(VIDEO) Bill Bryson draws crowd to FBC Decatur
A half dozen of us sat on the steps of First Baptist Church of Decatur on Friday, Oct. 11, leaning against its monumental columns and enjoying a quiet moment with books in our hands.
A young couple approached. The woman set her backpack down on the sidewalk.
“So is this the Bill Bryson overachievers club,” she asked.
That was at 4:30 p.m. Around 5:30 p.m. we began deliberations about who had arrived first and was entitled to a place at the front of the line, which was stretching around the block by now.
I cut a deal with a woman standing next to be. We held each other’s spaces in the church pews while we went to buy a book. The vendor had everything Bryson had ever written. I picked up a copy of “One Summer: America, 1927.”
By the time 6 p.m. came, the church was filled up through the balcony. Bryson looked almost a bit startled at how much the crowd lit up when he stepped to the altar. He warned that a few of his stories might be more PG than the ones told on Sundays.
They also weren’t exclusively ones from his new book and that went over well with his readers. I didn’t know that Bryson lived in England, so I was a little surprised when I heard him speak with an accent that sounded like a blend of Midwestern, Scottish and British dialects. I’ve always thought Bryson had a real gift for language, which is why I asked what turned out to be the most stupid question I could have possibly chosen.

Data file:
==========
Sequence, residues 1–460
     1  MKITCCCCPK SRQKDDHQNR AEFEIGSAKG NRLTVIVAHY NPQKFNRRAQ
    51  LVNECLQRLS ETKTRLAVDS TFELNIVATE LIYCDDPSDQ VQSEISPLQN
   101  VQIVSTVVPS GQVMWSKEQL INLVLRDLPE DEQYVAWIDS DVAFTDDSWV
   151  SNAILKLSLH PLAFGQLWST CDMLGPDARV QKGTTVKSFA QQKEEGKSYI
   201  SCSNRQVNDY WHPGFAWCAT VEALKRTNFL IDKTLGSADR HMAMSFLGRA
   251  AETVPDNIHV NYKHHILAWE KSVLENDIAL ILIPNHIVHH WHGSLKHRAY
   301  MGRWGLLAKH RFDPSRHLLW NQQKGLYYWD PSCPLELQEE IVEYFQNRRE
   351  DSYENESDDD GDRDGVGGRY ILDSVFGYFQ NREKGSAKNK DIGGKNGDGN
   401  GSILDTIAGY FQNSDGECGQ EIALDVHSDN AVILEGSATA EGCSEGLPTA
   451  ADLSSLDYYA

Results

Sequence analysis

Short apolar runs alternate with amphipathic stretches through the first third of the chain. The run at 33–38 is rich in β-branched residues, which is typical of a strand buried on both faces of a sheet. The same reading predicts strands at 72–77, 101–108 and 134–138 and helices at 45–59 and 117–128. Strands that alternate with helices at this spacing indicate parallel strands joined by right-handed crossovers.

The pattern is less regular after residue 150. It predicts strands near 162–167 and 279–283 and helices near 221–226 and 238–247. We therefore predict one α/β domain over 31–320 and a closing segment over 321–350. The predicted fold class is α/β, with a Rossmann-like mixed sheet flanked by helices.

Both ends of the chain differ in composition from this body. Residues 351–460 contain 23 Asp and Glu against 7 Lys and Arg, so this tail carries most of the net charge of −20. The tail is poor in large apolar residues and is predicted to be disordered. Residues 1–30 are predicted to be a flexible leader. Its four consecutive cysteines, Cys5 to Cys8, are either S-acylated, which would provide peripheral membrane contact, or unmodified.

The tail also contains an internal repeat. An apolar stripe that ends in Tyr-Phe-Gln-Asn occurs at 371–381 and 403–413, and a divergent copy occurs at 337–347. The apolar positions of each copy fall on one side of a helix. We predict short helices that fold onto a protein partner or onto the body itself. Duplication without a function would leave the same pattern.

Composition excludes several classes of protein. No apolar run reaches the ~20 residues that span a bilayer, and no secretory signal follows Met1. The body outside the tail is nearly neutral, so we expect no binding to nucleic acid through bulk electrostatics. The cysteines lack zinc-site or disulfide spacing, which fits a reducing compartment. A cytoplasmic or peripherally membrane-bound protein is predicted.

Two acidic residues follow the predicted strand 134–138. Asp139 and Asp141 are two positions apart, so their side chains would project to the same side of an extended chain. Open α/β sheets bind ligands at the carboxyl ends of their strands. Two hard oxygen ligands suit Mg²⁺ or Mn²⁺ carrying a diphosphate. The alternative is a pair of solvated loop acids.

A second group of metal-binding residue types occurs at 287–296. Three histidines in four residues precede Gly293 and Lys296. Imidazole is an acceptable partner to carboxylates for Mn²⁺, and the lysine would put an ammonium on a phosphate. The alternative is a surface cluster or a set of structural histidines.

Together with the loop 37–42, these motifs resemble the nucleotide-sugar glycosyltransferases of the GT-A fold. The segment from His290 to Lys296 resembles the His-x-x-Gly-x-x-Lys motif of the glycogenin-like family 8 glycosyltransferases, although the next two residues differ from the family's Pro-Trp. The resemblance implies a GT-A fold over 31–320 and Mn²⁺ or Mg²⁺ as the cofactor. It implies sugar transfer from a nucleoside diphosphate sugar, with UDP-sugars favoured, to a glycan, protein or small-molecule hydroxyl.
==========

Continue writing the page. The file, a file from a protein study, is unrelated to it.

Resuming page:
Standing in front of the packed room, in full view of CSPAN cameras, I asked if he was ever called in as a consultant on movies (based on my experience reading “Made in America,” I suspected the answer was yes). If he hadn’t, I wanted to know how he developed such an ear for the way English sounded way back when?
He stared at me for a second and said something like, “Well, no, I’m a journalist and all of that’s based on research. I source everything. It’s in the notes.”
“Oh, yeah,” I thought to myself. “And I’m an idiot.”
Well, whatever. I got to talk to Bill Bryson for five minutes. Worth it.
Bryson’s fans adore him, me included. One man in the balcony thanked him, saying “You’re one of the few authors whose books I read without being told to read them.” That captured the sentiments of a lot of us, I think.
Thanks to the Georgia Center for the Book for putting this together. Well done.
I’m reading “One Summer,” and it’s delightful. I’m savoring the chapter about the heyday of newspapers. I’ve always suspected I was born in the wrong decade.
Of course, my suspicions don’t always pan out.